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Can anyone recommend a utility that can scan specified directory locations (network shares specifically) and return all files older than a certain date?

I am looking to implement a data retention policy at my workplace. As our amount of data grows it puts a large strain on our backup routines. I would like to move old data to some sort of archival system.

Extra points for the ability to move queried old files to another location for archival and the ability to create schedules for when this occurs.

Many thanks.

EDIT: Windows Shop. Mostly Windows 2003 Servers.

In this particular case, this isn't mission critical data. Just various user documents on network shares. The archival system would simply be to move old data to a removable device off site once a month. Most data will most likely never be accessed again but I would like at least one copy to disk as opposed to simply deleting it.

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Would you please indicate which OS you will use to do this? –  jscott Jun 16 '10 at 13:27
    
Your question somewhat implies Windows but it's not clear. What platform are you interested in? –  squillman Jun 16 '10 at 13:28

3 Answers 3

forfiles would work as well.

forfiles -p *path to your files* /s /m *.* /d -30 /c "cmd /c xcopy @path *\destination\@file "
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I like installing cygwin and running "find", but forfiles is an excellent native answer. –  mfinni Jun 16 '10 at 19:28
    
@mfinni: try unixutils (sourceforge.net/projects/unxutils) much more light weight than cygwin. –  Zypher Jun 16 '10 at 20:25
    
I have other uses for Cygwin though. Like an X Server. I also found that some of the unxutils didn't always behave in the same way as the GNU standard(s) - I don't recall the specifics, but it bit me in the butt a handful of times. –  mfinni Jun 16 '10 at 20:33
    
putting cygwin on a production server however opens up all sorts of security issues and other problems. Why put cygwin on when windows already has an entire unix subsystem? –  Jim B Jun 16 '10 at 23:06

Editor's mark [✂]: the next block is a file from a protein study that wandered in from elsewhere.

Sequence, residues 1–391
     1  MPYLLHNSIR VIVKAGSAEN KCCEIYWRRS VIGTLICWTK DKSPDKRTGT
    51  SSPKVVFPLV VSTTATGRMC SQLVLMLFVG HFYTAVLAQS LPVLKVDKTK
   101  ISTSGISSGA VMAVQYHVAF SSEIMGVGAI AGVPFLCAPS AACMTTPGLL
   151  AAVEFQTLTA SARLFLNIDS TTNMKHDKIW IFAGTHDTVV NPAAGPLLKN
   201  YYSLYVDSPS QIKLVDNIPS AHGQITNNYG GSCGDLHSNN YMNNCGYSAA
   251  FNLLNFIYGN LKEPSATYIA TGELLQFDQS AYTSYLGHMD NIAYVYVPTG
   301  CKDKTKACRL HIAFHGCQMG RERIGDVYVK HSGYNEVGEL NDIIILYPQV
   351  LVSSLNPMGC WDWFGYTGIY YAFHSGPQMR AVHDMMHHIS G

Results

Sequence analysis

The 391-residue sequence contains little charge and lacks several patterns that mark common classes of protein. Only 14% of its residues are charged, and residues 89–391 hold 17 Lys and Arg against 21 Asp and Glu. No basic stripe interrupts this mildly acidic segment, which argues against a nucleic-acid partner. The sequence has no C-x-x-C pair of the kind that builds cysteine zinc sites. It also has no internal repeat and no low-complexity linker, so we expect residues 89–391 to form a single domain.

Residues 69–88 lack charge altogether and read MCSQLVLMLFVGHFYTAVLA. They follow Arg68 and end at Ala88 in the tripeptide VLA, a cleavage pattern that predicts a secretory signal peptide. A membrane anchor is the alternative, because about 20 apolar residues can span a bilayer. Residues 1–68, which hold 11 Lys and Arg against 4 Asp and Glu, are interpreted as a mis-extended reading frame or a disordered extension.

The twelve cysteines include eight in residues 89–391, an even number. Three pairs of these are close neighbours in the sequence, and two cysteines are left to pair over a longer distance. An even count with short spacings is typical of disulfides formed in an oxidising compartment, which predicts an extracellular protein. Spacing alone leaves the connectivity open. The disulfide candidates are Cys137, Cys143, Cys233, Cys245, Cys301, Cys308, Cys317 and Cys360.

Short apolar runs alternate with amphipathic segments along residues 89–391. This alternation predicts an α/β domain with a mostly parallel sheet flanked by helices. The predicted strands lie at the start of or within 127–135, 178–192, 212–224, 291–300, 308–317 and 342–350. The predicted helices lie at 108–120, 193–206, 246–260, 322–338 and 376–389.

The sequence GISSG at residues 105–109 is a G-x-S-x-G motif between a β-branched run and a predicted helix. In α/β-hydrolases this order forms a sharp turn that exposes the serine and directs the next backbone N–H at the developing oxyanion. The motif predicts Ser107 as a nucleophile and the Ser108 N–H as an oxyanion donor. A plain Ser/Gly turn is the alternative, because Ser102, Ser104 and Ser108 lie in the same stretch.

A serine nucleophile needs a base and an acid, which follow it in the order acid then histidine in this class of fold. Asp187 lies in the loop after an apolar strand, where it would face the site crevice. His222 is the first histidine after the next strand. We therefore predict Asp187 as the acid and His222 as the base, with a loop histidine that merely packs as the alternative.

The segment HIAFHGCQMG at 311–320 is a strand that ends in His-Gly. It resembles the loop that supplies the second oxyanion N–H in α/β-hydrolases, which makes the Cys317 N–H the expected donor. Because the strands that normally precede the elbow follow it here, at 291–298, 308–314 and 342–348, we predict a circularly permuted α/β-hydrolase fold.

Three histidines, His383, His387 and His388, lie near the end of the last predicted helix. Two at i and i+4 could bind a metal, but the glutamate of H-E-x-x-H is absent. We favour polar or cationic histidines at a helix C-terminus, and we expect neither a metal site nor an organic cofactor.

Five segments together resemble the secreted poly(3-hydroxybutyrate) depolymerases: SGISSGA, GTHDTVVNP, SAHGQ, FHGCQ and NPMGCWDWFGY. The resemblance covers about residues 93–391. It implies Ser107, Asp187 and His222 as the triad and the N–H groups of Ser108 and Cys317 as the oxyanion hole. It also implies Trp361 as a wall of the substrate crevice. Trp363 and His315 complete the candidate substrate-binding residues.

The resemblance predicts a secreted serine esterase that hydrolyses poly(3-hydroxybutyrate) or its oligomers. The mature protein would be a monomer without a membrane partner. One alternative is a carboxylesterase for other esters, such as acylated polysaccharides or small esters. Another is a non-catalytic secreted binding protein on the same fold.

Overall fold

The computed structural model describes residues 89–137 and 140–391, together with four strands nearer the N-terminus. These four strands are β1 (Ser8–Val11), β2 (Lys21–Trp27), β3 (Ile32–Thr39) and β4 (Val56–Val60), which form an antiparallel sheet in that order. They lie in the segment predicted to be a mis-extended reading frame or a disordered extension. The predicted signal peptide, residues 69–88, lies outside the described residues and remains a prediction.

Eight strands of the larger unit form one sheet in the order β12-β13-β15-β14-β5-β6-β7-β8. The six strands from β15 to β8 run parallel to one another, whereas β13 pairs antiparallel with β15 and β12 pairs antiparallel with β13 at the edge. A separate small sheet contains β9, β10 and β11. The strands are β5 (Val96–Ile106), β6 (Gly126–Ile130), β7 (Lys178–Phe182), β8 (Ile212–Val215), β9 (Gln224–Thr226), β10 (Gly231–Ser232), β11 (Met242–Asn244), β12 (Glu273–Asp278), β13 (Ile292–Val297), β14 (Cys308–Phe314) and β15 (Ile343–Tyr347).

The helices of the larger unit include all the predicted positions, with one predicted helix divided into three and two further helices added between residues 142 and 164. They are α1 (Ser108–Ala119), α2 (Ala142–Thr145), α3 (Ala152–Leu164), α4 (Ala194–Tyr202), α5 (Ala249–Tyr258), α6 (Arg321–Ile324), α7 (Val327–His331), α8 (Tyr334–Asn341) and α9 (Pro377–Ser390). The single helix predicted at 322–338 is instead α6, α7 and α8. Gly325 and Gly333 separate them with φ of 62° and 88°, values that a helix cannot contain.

Who said word one about putting cygwin on a server? The OP was asking about network shares, and you can run find or forfiles just as easily from a client machine as the server. And if you have an intern or admin ass't doing it, they better not be on the server. But there are decent reasons to go with Cygwin instead of SFU/SUA. One is SSH. Another is an X server (as I said.) From a workstation point of view, there's no competition- Cygwin has dozens (hundreds?) of packages ready-to-go. SUA doesn't include emacs :-) And what security issues are you referring to, with Cygwin? –  mfinni Jun 17 '10 at 1:28

PowerShell can be used for that. here is a sample:

$Cutoffdate = (Get-date).AddDays(-30)
Get-Childitem –recurse \\server\share\folder | where-object {$_.lastwritetime –gt $Cutoffdate}
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Honestly, you'll probably spend more time hacking an archival system together than it's worth. New backup systems are not that expensive; and you need to evaluate what you're data is worth.

Don't forget that you're time is money spent on the system, and that generally adds up very quickly (more so after you add employment tax to your normal hourly rate). Business that are "too cheap to buy new equipment" generally are not seeing the true costs.

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He's talking about data retention policies, not archiving system. –  Stephane Jun 16 '10 at 13:51
    
He's talking about revising what is backed-up in the guise of an archival system: "As our amount of data grows it puts a large strain on our backup routines. I would like to move old data to some sort of archival system." Also, data retention policies are about what needs to be backed-up, for how long, and when it needs to be deleted; nowhere did he mention separating data that needs to be keep for different amounts of time. –  Chris S Jun 16 '10 at 13:54
    
In this particular case, this isn't mission critical data. Just various user documents on network shares. The archival system would simply be to move old data to a removable device off site once a month. Most data will most likely never be accessed again but I would like at least one copy to disk as opposed to simply deleting it. –  CT. Jun 16 '10 at 14:21

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